Grandview Orchard is turning to some old friends to propel it to new heights.
Owner Lisa Rettinger has added natural plants, chickens and now pigs to the venerable orchard just east of Antigo, with a goal of creating a holistic, sustainable environment that benefits the trees, boosts soil nutrients and produces healthy livestock as well.
It’s going back to what makes sense, Rettinger, who specializes in regenerative agriculture, said. The goal is to leave it better than you found it.
It sounds like old-time farmsteading, but Rettinger, with a degree in agronomy, is using scientifically-proven methods, and that has won her grant from the United States Department of Agriculture to quantitatively study the results.
The program, known as SARE, or sustainable agriculture research and education, awarded Rettinger a two-year farmer-rancher grant, this spring.
The orchard will also be part of a sustainable farm tour on Aug. 25 that will also include Organic Valley Dairy, McDougal’s Farm LLC, Canopy Gardens, Igl Farms Organic Spuds, and Tapped Maple Syrup.
The latest projects started this spring, when Rettinger installed 80 chicks in the orchard to do what chickens do so well, scratch around the soil, eat bugs and poop.
That batch of chickens is now in the freezer, replaced by a new flock of Red Ranger chicks along with four piglets—Larry, Daryl, Squirt, and Itchy— who are performing a similar service in the orchard, loosening soil, providing natural fertilization, and suppressing disease.
It seems very low tech, but Rettinger is using high tech methods to measure the results.
This is a more structured idea, she said. There are some people who are doing bits of the process but this is the first time we are measuring the results to see if it is viable on a long-term basis. They are being quantified through soil tests, pest monitoring, disease monitoring and net revenue on the meat products.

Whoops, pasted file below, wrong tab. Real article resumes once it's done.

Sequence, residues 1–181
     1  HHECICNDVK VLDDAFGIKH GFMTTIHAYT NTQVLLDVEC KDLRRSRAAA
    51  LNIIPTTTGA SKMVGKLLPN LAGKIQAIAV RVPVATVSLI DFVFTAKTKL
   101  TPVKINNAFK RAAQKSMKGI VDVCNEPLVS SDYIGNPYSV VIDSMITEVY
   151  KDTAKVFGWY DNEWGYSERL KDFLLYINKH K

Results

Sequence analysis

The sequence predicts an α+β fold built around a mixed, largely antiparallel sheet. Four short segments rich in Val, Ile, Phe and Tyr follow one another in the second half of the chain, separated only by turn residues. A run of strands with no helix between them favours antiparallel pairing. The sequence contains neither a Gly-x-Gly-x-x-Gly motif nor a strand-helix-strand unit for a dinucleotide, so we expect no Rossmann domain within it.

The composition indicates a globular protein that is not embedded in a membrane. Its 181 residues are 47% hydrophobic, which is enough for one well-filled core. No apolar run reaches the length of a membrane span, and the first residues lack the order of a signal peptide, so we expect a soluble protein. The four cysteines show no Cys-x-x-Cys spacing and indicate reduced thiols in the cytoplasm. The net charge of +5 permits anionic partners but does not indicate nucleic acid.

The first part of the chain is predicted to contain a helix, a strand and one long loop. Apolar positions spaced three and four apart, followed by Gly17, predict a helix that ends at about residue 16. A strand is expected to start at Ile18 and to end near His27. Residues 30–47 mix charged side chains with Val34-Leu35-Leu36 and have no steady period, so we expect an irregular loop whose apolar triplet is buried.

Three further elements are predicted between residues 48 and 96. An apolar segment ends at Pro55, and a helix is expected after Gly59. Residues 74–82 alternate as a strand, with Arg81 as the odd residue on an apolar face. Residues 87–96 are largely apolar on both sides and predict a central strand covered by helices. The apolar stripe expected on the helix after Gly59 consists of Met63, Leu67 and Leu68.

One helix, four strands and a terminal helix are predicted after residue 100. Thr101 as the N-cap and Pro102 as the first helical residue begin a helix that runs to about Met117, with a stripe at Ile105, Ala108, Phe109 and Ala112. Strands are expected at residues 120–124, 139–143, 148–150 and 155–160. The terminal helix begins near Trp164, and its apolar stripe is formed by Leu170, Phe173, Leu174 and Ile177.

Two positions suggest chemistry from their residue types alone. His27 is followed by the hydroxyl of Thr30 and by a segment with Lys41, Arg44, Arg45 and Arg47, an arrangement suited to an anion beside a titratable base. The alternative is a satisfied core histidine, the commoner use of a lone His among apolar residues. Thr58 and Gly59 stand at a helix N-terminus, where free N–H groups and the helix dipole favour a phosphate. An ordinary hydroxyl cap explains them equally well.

The pigs are a mix of Idaho pasture pigs, known for their grazing affinity, and Yorkshire Hampshire crosses.
I’m comparing the two different breeds to see if one works better for this purpose, she said.
The animals are no stranger to the orchard. Grandview’s original owners utilized pigs for similar purposes a century ago.
The pigs will be doing their thing in the orchard for about six months, before they too will be on their way to the freezer, and depending on results the cycle will repeat in spring.
Rettinger is augmenting the soil at the orchard with a variety of other natural materials, including hay, which she called pretty outstanding material for soil-building, and Sweet Thyme coffee grounds, outstanding soil conditioner, and fertilizer.
She has also added a variety of plants which aerate the soil and send sugars down through the roots to feed microbes, which in turn help make nutrients available, fix nitrogen levels and provide beneficial insect habitat.
The idea is gaining traction, so much so that the SARE Committee for the North Central Region will visit in September for a first-hand look. The group only picks one project a year to tour in an effort to plan sustainable agriculture professional development in Wisconsin.
Rettinger said she welcomes the attention, and through tours and visits, hopes to educate more and more growers about the benefits of regenerative agriculture.
The goal is to determine how you can make things work together to make truly a sustainable farm, she said. All the pieces work together.
Source: Antigo Daily Journal